asked the Minister of Agriculture the approximate cost to the State, if any, of the Small Holdings Acts, 1908 to 1914?
I have been asked to reply. Up to the 31st March, 1919, the total amount paid by the State to councils in England and Wales in respect of smallholdings provided under the Small Holdings and Allotments Act, 1908, was approximately £396,000. Of this sum approximately two-thirds consisted of legal and other expenses of acquisition which were repaid to councils under Section 21 of the Act. Since the date mentioned any losses on these holdings have not been shown separately from those incurred in respect of the holdings provided under the Land Settlement (Facilities) Act, 1919, but the proportion would be very small.
Can the hon. Member tell us whether that figure includes the sum expended in rates?
I cannot say, but I will put the question to my right hon. Friend.
asked the Minister of Agriculture whether he can give the number of schemes for establishing smallholdings submitted to the Minister under the Small Holdings Act of 1926; the number of county councils which have submitted schemes; and the number of persons actually established in smallholdings under the 1926 Act to date?
212 schemes for establishing small holdings under the Act of 1926 have been submitted by 44 councils. About a quarter of these schemes will not he carried into effect for various reasons, but on the other hand some acquisitions which did not involve loss have been effected by councils without reference to the Ministry. The number of persons actually established in smallholdings provided under the Act up to 31st December, 1929, was 444, and the total number of holdings that will eventually be created on the lands acquired including acquisitions effected this year, is approximately 670.
asked the Minister of Agriculture whether he can give the approximate net cost to the State of the Land Settlement Act during 1919–26; and the number of persons settled on the land under that Act for the period 1919–26?
As the reply is long and contains a number of figures, it is proposed with my hon. Friend's permission to circulate it in the OFFICIAL. REPORT.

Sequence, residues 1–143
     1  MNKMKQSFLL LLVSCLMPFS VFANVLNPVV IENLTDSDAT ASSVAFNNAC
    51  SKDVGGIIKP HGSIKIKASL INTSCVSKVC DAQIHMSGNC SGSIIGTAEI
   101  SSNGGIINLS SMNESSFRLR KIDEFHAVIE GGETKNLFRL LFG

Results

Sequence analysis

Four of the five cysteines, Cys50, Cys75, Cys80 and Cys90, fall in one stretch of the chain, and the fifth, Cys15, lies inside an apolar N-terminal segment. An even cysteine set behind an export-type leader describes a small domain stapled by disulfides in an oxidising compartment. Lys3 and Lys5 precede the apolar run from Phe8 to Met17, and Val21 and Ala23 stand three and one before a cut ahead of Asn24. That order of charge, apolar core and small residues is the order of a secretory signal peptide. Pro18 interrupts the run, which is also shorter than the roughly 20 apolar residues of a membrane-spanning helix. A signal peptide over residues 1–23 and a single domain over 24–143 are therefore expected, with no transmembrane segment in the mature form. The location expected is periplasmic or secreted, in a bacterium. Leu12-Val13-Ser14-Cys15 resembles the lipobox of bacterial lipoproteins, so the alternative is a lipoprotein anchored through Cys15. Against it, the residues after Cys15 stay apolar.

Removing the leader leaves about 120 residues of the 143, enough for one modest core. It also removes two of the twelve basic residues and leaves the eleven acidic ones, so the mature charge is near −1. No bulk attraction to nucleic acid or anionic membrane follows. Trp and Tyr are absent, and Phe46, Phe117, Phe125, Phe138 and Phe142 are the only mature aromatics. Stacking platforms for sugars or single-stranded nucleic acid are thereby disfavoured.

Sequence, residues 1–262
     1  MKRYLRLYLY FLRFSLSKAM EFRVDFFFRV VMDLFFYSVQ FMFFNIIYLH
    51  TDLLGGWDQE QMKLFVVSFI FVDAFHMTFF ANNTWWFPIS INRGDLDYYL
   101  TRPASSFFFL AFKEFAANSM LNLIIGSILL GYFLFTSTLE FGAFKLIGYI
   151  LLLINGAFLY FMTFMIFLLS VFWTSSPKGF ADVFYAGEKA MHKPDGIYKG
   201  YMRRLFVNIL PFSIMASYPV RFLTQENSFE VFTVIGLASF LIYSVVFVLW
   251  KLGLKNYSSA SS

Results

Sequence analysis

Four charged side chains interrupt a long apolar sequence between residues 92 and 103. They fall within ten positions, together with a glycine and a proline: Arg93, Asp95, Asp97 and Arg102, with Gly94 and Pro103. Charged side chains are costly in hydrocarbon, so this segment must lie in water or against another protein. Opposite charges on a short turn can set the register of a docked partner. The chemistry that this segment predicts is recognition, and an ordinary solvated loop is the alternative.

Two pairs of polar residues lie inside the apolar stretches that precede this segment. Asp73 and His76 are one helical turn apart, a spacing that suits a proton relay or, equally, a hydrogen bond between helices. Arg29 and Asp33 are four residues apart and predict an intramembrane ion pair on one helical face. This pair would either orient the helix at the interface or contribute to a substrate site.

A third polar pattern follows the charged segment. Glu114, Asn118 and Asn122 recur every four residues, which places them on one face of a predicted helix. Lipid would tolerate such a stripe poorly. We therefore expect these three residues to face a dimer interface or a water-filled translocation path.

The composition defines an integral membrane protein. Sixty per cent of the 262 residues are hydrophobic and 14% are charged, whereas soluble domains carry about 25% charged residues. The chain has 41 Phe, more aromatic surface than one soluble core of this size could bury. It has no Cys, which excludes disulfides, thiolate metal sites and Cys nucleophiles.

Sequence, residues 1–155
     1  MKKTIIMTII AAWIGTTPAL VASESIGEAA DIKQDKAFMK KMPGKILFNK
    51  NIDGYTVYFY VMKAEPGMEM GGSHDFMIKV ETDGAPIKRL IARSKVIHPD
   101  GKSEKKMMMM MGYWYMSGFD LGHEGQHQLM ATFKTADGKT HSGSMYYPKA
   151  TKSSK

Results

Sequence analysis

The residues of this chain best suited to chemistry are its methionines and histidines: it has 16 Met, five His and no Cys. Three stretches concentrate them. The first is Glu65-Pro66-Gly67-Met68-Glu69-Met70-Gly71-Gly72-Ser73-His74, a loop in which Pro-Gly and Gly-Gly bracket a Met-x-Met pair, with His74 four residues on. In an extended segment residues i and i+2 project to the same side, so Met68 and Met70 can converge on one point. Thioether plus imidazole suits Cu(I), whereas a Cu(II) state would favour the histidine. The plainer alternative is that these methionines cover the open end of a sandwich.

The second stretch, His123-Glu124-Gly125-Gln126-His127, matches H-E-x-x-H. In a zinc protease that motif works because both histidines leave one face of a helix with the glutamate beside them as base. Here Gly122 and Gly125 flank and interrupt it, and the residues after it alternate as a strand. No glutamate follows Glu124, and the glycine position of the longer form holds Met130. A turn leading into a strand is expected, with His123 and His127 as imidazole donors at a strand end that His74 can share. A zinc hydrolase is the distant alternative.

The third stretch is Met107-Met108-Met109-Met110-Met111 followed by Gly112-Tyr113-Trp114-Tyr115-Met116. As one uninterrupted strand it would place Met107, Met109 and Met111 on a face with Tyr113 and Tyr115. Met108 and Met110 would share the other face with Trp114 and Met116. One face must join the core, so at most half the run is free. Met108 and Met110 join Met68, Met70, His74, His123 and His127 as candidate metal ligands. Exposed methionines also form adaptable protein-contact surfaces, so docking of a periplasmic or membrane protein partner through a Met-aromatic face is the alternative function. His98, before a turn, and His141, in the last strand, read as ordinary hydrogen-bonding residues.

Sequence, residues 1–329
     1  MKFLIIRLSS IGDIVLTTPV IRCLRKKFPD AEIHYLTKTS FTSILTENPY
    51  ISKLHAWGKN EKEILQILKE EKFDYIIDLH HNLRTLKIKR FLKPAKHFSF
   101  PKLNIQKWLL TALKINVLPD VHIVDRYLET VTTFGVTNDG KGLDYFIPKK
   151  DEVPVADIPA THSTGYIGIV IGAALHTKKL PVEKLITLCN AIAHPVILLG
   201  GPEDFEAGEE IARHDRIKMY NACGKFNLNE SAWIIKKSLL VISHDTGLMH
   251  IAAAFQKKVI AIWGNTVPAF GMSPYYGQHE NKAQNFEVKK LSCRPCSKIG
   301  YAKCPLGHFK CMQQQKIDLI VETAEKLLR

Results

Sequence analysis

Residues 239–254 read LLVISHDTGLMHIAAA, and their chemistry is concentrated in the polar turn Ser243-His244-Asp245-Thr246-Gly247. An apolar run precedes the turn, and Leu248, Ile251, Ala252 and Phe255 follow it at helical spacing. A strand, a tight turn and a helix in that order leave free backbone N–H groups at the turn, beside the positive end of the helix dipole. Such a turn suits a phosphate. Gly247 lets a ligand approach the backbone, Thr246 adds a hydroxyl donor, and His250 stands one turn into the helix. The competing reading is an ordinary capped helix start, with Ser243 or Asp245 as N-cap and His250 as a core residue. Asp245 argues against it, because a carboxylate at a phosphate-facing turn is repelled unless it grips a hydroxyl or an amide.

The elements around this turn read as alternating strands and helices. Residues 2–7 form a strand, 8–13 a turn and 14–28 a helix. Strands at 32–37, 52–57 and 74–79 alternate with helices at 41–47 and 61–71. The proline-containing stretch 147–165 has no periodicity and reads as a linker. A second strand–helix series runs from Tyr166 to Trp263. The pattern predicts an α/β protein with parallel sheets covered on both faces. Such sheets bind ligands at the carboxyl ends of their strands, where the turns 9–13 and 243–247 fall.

Following is the reply:
The number of holdings provided by councils under the Land Settlement Scheme during the period 1919 to 1926 was about 16,000. The net capital expenditure incurred on the purchase and equipment of land was approximately £15,250,000, of which £14,000,000 was advanced by the Public Works Loan Commissioners out of the Land Settlement Fund, the remainder being provided locally. These figures include a certain
amount spent on the equipment of land acquired before 1918. The sum advanced is repayable in full over varying periods with interest at rates varying from 4¾ per cent. to 6½ per cent., the average rate being 6¼ per cent. The losses due to the fact that the rents of the holdings fall short of the loan payments and the charges for repairs, management, etc., were repaid annually to councils for each year up to 31st March, 1926. The amount so repaid was £5,100,000, but it should be observed:
As from 1st April, 1926, the Ministry pays to each council a predetermined annual contribution for the whole of the council's pre-War and post-War holdings. The total amounts so payable in respect of the first five years were approximately as follows, and it may he assumed that the hulk is in respect of the holdings created after 1918:
The contributions will continue at a progressively diminishing rate until by reason of the repayment of loans, the annual charges will fall to the level of the annual income. The high costs prevailing during the period when most of the equipment was provided are, of course, reflected in these figures.
* The full contribution of about £900,000 was reduced to this figure in consequence of overlapping with payments made under the arrangements in force up to 31st March, 1926.
Tuberculosis, Kent (Sanatorium Treatment)
asked the Minister of Health the number of tuberculosis cases awaiting admission for sanatorium treatment in Kent county on the 1st November as compared with the 1st May; and whether such cases awaiting admission include patients notified tuberculous on account of acute pleurisy?
The number of persons who were awaiting admission to residential institutions under the county council's scheme was 99 on the 1st of November, as compared with 81 on the 1st of May, the number of persons who were receiving treatment on these dates respectively being 595 and 559. These figures relate to persons medically recommended as suitable for residential treatment, and include any such persons who may have been notified as tuberculous on account of acute pleurisy.
In view of the fact that I can bring to the notice of the Minister specific cases where doctors have certified people as urgent cases and that they have had to wait many weeks, will she urge the county council medical authorities to take steps to provide greater sanatorium accommodation?
If the hon. Member will give me any cases, I shall be delighted to inquire into them.
Is the hon. Lady aware that there has been a shortage of accommodation for a very long time and that the Minister has promised to look into the matter?